In this month's blog post, Tino Oudesluijs reflects on how the challenges of transcription connect the eighteenth century to the twenty-first.

Unlocking the Hamilton Papers is well underway in the transcription stage of the project, and the PDRA team (Cassie, Christine and I) come across a wide variety of letters, notes and other documents, as well as some drafts and copies (see also the University of Manchester Special Collections website here). As pointed out by Cassie in the previous blog, transcribing and coding these documents can be quite challenging. As was done in the Image To Text project before, we try to reproduce the spelling, punctuation and lay-out of the texts as exactly as possible. In addition, we mark up the transliterations using XML (eXtensible Markup Language) in Oxygen according to a project-specific subset of the TEI (Text Encoding Initiative) guidelines.

A big part of the transcription process includes checking each other’s transcriptions, as a first transcription can contain various mistakes and errors (we are only human after all), such as misspellings (there is no autocorrect in Oxygen!) or forgetting to add an element or attribute to the text during the mark-up process. One mistake I recently managed to catch before sending my transcription through to the checker concerned a so-called Augensprung (‘a jump of the eye’) in HAM/1/12/72 (a copy of a letter from Mary Hamilton to Charlotte Finch). This basically means I missed a large chunk of a line of text, when during a ‘jump’ between the image of the original letter and the transcription in Oxygen with my eyes, I continued from the wrong letter, in this case W:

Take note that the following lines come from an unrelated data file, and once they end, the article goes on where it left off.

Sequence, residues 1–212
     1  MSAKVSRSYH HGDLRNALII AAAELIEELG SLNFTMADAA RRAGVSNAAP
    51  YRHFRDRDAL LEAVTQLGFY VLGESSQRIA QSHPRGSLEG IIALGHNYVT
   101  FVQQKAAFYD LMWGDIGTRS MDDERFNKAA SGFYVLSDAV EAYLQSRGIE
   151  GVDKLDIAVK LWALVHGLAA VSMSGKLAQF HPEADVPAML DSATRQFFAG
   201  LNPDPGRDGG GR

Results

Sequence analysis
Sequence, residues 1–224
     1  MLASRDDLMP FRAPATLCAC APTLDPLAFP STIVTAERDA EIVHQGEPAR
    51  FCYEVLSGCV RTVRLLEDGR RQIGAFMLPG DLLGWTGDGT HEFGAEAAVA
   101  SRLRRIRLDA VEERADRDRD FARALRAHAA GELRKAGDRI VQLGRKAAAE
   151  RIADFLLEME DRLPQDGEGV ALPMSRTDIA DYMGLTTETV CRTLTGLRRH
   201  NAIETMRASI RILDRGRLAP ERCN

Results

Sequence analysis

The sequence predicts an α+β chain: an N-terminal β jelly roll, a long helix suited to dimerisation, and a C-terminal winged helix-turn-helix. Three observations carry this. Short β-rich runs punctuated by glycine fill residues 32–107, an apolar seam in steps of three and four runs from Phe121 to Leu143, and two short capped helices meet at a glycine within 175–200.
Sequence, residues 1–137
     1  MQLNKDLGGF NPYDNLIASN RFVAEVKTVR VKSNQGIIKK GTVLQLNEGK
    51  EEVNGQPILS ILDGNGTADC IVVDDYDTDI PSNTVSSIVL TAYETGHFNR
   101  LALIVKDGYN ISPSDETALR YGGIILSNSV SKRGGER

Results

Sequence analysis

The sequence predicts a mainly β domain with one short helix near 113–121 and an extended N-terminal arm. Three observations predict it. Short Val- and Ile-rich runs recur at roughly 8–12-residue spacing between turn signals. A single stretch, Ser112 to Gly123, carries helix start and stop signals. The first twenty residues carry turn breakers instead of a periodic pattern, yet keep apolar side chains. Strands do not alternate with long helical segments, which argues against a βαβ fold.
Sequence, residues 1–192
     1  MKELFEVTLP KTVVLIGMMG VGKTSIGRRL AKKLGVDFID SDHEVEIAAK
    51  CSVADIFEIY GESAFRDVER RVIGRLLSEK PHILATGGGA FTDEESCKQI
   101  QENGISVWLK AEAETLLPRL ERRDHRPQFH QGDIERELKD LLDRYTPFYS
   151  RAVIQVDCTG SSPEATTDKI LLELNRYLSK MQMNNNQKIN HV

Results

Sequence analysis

As a result, my transcribed line read ‘P(rince) of W(ales) her Majesty seems much pleas’d with …’ etc., instead of ‘P(rince) of W(ales) viewing the fleet – Lady Dartrey …’ etc.

Interestingly, exactly this kind of mistake was made by Mary Hamilton herself when she copied this very letter:


Here Mary Hamilton wrote and subsequently deleted ‘they being rais’d so much higher than the rest of’, which can be read two lines further up as well (in the line starting with ‘Hall, they…’). Clearly Mary Hamilton copied the wrong line here when her eyes were busy jumping between the exemplar and her own copy.

Besides seeing that Mary Hamilton was dealing with the same kinds of issues as we are today when creating copies of these letters in XML, mistakes like this one can also tell us something about the original letter (which we don’t have). In this case, Mary’s erroneous copy of the line reveals that the original likely did not have ‘they being rais’d so much higher than the rest of …’ at the very start of the line like here in the copy, but rather on the same line as ‘of ye Hall,’, which phrase is present just before the miscopied line as well as what should have been written instead (‘were ye Tables for ye Company’). Similar to how I miscopied my line due the presence of ‘W.’ at the same place in two different lines in the example above, Mary must have looked at and copied ‘… of ye Hall,’ before looking back at the original and subsequently copying the wrong line. Furthermore, it is interesting to notice the differences between the two copied lines in Mary’s version: both have raised as ‘rais’d’, indicating that the original likely contained this spelling variant, but the first copy has ‘ye’ for the, whereas the second (cancelled) copy has ‘the’, which indicates that Mary likely did not make a direct copy of the original but varied a bit (at least regarding spelling). This is not surprising, as direct copies (i.e. copies that are almost without any changes from the original at all, be it in spelling, punctuation, syntax, morphology or vocabulary) are rare in the history of the English language, at least when it comes to written texts.